After nine classes of Leaders To Learn From, previous award-winners have gone on to helm some of the biggest school systems in the United States and to win state and national accolades. Even so, many say that the best benefit of the program was getting to learn from their fellow honorees.
The job of an educational leader—part people manager, part vision-setter, part cheerleader—can be taxing and lonely in the best of times. It has been especially so over the past few years with the pandemic. Past Leaders say that the connections they’ve made through the award have helped them develop new ways to innovate and provided necessary moral support.
“You really can get in a place in which you can’t see what could be different than it already is in your own operation,” said Joanna Burt-Kinderman, a districtwide math coach in the Pocahontas school district in West Virginia and a 2019 honoree. “I really appreciate being able to just ping ideas off of them and share when I’m bummed,” she said of some of her cohort members.
Brainstorming and troubleshooting new initiatives with district leaders who have implemented something similar delivers insight that’s “not necessarily taught within the walls of any university,” said Tiffany Anderson, the superintendent of the Topeka public schools in Kansas and a 2015 awardee.
“This is practical application, boots-on-the-ground work,” she said.
‘Systems Don’t Create Themselves’ : Tiffany Anderson, Lenny Schad, and Terry Grier
Education Week spoke with award winners from past Leaders cohorts about why these relationships are invaluable—especially now.
No matter how big or small a district is, it runs on systems: plans for who’s in charge of getting what done and when. Designing good systems is hard. Getting them to run well is even harder.
That’s why Anderson says that learning about other districts’ successes and challenges can be so powerful. “Systems don’t create themselves,” she said. “They come from many people on your team gaining information.”
For Anderson, who was recognized for her work with students experiencing poverty as then-superintendent of the Jennings school district in Missouri, the Leaders To Learn From event and conference presented an opportunity to create a new network with fellow honorees Terry Grier and Lenny Schad, the then-superintendent and then-chief technology information officer in the Houston Independent school district.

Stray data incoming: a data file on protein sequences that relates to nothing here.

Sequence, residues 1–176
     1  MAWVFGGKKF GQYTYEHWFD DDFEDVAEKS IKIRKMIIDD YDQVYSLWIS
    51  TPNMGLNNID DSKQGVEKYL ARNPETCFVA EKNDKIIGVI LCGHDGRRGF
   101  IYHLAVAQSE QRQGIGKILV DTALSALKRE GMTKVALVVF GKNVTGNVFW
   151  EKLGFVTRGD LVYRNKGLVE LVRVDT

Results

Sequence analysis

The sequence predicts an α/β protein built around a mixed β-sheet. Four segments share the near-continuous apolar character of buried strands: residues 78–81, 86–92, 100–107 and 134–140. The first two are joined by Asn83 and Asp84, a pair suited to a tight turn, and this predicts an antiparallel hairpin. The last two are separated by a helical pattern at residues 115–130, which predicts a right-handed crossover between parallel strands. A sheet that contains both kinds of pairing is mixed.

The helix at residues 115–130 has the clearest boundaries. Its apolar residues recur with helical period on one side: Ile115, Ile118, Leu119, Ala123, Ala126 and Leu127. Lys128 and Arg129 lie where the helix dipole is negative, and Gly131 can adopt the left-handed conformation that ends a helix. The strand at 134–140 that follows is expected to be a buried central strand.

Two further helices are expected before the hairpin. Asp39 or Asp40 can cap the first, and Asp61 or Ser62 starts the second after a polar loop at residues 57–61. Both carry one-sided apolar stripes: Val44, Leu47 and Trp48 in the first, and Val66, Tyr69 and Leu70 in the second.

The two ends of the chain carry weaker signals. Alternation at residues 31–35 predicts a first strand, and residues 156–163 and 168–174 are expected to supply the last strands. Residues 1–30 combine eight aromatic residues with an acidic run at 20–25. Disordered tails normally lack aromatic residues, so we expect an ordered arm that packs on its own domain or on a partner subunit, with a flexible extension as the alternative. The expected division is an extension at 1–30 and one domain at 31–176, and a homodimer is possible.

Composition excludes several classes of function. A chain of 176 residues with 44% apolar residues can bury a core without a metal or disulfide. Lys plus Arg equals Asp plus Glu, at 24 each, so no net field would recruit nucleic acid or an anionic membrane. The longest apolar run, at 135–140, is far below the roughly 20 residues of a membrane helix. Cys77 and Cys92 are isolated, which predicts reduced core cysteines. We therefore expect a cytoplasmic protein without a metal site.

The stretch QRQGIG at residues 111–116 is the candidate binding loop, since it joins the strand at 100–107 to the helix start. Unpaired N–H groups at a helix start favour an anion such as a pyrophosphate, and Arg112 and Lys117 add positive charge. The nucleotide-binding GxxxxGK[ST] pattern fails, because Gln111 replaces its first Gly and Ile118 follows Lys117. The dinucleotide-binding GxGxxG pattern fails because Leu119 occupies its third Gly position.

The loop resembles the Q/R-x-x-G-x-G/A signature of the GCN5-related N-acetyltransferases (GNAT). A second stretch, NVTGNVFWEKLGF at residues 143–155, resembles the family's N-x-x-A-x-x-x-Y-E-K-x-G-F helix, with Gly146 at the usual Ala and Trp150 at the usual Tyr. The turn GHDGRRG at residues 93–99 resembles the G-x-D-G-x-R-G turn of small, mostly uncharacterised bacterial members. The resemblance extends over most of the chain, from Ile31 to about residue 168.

Talking with them about lessons learned from the rollout of Houston’s 1-to-1 computer program—like how to build teacher buy-in, plan in phases, and provide support like workshops and student technology assistance—helped Anderson shape tech strategies in her district.
Schad, now the chief information and innovation officer at District Administration magazine, remembers the message he always stressed in conversations with other districts: “This isn’t an IT initiative, and it’s not about the device.”
“The easiest part of these initiatives is the tech. Where we really spent a lot of time was that collaboration with curriculum and instruction,” he said. Schad would talk with other district leaders about the cross-departmental structure of the 1-to-1 program and the training—for teachers and for families—that extended far beyond the integration of devices into classrooms.
“The lessons that we’ve taught people [from] Houston is not to try to eat the apple at one time,” Grier said. That applies in a sprawling district like Houston, but in small districts, too, he added.
Anderson’s also been on the other end of these kinds of collaborations, providing support and guidance to other districts that found Jennings through the Leaders profile.
“After Leaders To Learn From, there was enough interest nationally that we began inviting people to visit our Hope House,” she said, referencing the foster home the district runs. She and Jennings’ staff took groups on tours, detailing the systems they had created to support the whole child and invite parental involvement.
Even now, in Topeka, Anderson said she has had several teachers and at least one principal apply to work in the district after learning about her work through the Leaders profile. And she encourages her staff to study what new classes of honorees are doing and apply the strategies to their own schools.
“I think, collegially, superintendents and principals and teachers, we are each other’s best allies,” Anderson said. “And we are also—to me anyway—ambassadors of hope in showing what’s possible.”
Building a Community Of ‘Disruptors’ : Joanna Burt-Kinderman, Shomari Jones, and Angela Ward